In this final instalment of a three-part article series exploring the history of Bethesda, Antiguan Trumpet sat under Bethesda’s Iconic Tamarind tree with community Activist Ian Joseph, listening as he spoke about the first strike in Antigua and Barbuda.
“Once you hear about Bethesda in modern history, you will hear about the Tamarind tree. The Tamarind tree is actually where the ‘Antigua Trades and Labour Union’ first flexed its muscles, representing cane cutters who demanded better wages.
Under the leadership of Sir Vere Cornwall Bird Sr; Antigua and Barbuda’s first Prime Minister, the Union interceded and fought on their behalf in 1951,” Joseph said.
Joseph who is also an executive leader in the Bethesda / Christian Hill community group revealed that the strike went on for more than three months and the planters were determined not to surrender until they received a 25% increase in their wages.
“The owners of the estates declined their request but when realizing the seriousness of the workers, Moody Steward, an estate owner told them that he was going to starve them into submission,” the Activist revealed.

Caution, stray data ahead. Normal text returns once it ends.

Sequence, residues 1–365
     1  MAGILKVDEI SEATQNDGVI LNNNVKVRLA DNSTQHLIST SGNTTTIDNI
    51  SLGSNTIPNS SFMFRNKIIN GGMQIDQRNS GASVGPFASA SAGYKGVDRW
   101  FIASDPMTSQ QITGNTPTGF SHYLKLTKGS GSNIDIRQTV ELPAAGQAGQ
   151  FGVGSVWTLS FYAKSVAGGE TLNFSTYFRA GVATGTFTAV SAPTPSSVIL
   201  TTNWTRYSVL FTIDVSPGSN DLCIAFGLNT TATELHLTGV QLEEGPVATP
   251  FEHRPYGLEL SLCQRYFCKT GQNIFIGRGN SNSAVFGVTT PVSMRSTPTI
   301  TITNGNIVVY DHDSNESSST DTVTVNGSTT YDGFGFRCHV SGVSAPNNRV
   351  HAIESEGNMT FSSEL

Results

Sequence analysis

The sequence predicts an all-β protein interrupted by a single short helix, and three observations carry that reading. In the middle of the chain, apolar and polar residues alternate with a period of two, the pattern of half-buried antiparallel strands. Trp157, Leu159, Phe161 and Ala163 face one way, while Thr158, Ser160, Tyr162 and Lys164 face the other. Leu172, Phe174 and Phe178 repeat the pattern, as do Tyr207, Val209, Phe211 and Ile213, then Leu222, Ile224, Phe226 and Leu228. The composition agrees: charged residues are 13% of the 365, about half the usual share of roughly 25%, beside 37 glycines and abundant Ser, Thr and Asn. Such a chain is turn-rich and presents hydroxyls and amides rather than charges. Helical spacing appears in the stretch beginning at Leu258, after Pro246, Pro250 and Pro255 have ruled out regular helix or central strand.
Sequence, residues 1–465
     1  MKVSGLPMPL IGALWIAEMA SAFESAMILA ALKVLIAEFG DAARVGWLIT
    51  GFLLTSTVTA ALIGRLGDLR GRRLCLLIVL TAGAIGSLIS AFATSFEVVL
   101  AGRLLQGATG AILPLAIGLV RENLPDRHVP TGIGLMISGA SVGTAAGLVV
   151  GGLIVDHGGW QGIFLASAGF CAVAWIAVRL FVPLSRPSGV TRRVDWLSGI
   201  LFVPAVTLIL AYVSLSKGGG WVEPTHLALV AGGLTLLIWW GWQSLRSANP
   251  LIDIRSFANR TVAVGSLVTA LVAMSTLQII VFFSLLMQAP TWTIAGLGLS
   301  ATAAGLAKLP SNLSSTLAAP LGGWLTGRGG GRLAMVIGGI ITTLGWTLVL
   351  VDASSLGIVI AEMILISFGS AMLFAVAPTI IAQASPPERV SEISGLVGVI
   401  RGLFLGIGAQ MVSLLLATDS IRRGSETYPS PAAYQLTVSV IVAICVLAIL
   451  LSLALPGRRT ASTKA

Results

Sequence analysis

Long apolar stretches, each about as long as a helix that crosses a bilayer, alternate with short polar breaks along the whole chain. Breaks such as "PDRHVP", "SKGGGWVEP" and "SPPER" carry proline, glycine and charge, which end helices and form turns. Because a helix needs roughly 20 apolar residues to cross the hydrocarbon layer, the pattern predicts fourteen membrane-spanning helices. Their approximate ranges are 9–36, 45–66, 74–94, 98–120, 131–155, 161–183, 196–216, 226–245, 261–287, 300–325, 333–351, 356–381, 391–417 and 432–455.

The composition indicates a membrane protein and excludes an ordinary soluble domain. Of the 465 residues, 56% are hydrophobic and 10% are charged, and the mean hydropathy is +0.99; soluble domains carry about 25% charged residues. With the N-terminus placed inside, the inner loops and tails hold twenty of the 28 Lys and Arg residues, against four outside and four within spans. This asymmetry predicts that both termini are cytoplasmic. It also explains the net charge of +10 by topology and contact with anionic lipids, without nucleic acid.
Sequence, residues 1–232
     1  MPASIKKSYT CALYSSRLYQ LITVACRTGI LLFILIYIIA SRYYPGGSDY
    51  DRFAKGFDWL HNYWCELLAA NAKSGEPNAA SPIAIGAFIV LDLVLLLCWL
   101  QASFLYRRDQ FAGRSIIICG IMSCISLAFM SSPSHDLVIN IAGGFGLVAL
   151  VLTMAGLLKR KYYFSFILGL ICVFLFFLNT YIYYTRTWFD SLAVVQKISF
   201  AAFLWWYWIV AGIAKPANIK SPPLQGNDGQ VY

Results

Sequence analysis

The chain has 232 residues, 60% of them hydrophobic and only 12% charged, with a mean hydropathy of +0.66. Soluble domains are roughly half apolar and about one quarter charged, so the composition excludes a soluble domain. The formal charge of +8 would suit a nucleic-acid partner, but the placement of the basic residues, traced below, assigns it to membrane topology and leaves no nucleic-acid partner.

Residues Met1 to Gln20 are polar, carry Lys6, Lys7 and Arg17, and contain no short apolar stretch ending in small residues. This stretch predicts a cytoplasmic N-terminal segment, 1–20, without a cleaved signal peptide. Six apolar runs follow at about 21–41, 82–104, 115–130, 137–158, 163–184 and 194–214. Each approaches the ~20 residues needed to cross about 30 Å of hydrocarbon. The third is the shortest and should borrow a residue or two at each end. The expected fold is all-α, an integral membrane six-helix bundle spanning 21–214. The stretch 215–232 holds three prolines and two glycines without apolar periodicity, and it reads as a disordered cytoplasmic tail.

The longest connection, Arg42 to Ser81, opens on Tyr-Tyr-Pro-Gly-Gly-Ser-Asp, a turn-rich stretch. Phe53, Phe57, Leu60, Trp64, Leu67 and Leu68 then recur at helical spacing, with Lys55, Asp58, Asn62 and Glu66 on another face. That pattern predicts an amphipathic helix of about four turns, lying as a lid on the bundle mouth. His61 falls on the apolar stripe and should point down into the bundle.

These words by Steward stirred strong passions in the souls of the labourers and their determination became much more intense, driving them to carry on striking until all the crops in the fields were spoiled.
Eventually, in January 1952, Moody Stewart, and his colleagues gave in and the workers got the increase in addition to better working conditions.
“Thirteen strikers were sent to prison and one of these is actually still alive today, residing right here in Bethesda at the age of 92.
These men gave up their freedom back then for the justice of us all, and today we are definitely reaping the fruits of their sacrifices and fearlessness,” Joseph ended.